Tuesday, October 21, 2008

Raat Bhi Neend Bhi Kahani Bhi

raat bhii niind bhii kahaanii bhii
haaye kyaa chiiz hai javaanii bhii

ek paiGaam-e-zi.ndaganii bhii
aashiqii marg-e-naagahaanii bhii

is adaa kaa terii javaab nahii.n
meharabanii bhii saragaraanii bhii

dil ko apane bhii Gam the duniyaa me.n
kuchh balaaye.N thii aasmaanii bhii

ma.nsab-e-dil Khushii luTaataa hai
Gam-e-pi.nhaa.N bhii paasabaanii bhii

dil ko sholo.n se karatii hai sairaab
zi.ndagii aag bhii hai paanii bhii

shaad-kaamo.n ko ye nahii.n taufiiq
dil-e-Gamagii.n kii shaadamaanii bhii

laakh husn-e-yaqii.n se ba.Dakar hai
in nigaaho.n kii badagumaanii bhii

ta.nganaa-e-dil-e-malaal me.n hai
behr-e-hastii kii bekaraanii bhii

ishq-e-naakaam kii hai parachhaa_ii
shaadamaanii bhii kaamaraanii bhii

dekh dil ke nigaar-Khaane me.n
zaKhm-e-pi.nhaa.N kii hai nishaanii bhii

Khalq kyaa-kyaa mujhe nahii.n kahatii
kuchh sunuu.N mai.n terii zabaanii bhii

aaye taariiKh-e-ishq me.n sau baar
maut ke daur-daramiyaanii bhii

apanii maasuumiyo.n ke parde me.n
ho ga_ii vo nazar sayaanii bhii

din ko suuraj-mukhii hai vo naugul
raat ko vo hai raat-raanii bhii

dil-e-badanaam tere baare me.n
log kahate hai.n ik kahaanii bhii

nazm karate ko_ii na_ii duniyaa
ki ye duniyaa hu_ii puraanii bhii

dil ko aadaab-e-ba.ndagii bhii na aaye
kar gaye log hukmaraanii bhii

jaur-e-kam-kam kaa shukriyaa bas hai
aap kii itanii meharabaanii bhii

dil me.n ik huuk bhii uThe ai dost
yaad aa_ii terii javaanii bhii

sar se paa tak sapurdagii kii adaa
ek andaaz-e-turkamaanii bhii

paas rahanaa kisii kaa raat kii raat
mehamaanii bhii mezabaanii bhii

jo na aks-e-jabiin-e-naaz ki hai
dil me.n ik nuur-e-kahakashaanii bhii

zindagii ain diid-e-yaar "Firaq"
zindagii hijr kii kahaanii bhii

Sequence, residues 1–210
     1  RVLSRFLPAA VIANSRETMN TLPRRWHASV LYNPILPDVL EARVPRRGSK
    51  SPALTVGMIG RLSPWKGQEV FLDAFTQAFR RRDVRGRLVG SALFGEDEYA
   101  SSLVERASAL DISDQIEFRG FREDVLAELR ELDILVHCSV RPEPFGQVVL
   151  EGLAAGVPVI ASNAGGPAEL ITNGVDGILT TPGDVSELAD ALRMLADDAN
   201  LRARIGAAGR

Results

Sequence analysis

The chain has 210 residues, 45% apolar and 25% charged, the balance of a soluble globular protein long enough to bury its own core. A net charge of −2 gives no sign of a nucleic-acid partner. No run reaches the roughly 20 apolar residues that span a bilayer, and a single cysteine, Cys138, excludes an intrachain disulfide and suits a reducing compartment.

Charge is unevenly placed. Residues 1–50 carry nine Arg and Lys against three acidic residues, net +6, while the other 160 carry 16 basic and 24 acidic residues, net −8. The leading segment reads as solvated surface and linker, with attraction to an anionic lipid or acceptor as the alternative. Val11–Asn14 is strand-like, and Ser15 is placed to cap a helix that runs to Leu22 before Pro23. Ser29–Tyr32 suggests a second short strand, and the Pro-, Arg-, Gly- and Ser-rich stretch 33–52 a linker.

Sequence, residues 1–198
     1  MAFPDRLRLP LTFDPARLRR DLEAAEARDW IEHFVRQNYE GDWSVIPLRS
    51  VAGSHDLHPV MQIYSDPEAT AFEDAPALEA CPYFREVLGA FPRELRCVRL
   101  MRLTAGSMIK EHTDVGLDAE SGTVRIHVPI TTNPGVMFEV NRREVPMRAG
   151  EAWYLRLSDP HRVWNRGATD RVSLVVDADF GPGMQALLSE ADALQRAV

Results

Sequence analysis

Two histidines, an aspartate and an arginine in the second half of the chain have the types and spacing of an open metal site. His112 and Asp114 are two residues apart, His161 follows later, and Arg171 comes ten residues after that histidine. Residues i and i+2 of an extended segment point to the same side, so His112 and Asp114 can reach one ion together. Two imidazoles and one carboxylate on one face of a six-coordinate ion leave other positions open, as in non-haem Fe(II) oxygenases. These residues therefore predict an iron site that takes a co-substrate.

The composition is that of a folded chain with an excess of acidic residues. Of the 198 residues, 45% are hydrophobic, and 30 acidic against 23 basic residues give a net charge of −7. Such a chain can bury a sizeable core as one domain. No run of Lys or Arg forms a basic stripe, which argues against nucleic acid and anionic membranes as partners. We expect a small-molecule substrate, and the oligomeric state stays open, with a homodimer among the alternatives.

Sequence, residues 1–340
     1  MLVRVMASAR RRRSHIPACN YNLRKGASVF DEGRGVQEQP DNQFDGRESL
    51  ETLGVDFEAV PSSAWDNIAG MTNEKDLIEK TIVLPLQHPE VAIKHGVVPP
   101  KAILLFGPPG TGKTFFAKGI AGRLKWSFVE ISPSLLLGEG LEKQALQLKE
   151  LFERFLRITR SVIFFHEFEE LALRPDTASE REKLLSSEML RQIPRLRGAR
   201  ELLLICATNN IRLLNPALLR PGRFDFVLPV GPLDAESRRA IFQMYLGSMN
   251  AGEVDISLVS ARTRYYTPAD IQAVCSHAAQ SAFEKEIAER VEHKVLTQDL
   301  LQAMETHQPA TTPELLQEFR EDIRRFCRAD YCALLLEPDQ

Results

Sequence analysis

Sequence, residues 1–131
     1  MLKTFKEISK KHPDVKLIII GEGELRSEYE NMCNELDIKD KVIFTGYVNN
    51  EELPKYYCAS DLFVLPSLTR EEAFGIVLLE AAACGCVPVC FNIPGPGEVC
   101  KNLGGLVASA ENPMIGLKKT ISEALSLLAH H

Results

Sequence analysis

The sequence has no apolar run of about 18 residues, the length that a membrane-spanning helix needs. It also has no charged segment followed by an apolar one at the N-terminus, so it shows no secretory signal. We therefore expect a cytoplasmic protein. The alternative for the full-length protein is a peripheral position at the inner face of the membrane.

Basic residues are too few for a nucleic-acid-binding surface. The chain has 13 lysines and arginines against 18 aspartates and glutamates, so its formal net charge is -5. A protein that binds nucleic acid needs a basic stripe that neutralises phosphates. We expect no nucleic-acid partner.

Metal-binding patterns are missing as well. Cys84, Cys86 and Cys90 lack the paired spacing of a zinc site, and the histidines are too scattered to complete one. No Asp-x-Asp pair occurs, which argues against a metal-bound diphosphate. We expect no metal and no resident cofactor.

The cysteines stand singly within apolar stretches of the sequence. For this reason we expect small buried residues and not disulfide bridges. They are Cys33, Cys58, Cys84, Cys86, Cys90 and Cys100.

Firak Gorakhpuri

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In poetry, the ghazal (Persian: غزل; Turkish gazel) is a poetic form consisting of rhyming couplets and a refrain. Each line must share the same meter. The Arabic word "ghazal" is pronounced roughly like the English word "guzzle", but with a different first consonant, and literally means "speaking with women." A ghazal may be understood as a poetic expression of both the pain of loss or separation and the beauty of love in spite of that pain. The form is ancient, originating in 6th century pre-Islamic Arabic verse. It is derived from the Arabian panegyric qasiida. The structural requirements of the ghazal are similar in stringency to those of the Petrarcan sonnet. In its style and content it is a genre which has proved capable of an extraordinary variety of expression around its central themes of love and separation. It is one of the principal poetic forms the Indo-Perso-Arabic civilization offered to the eastern Islamic world.
The ghazal spread into South Asia in the 12th century under the influence of the new Islamic Sultanate courts and Sufi mystics. Exotic to the region, as is indicated by the very sounds of the name itself when properly pronounced as ġazal, with its very un-Indian initial voiced velar fricative g. Although the ghazal is most prominently a form of Urdu poetry, today, it is found in the poetry of many languages.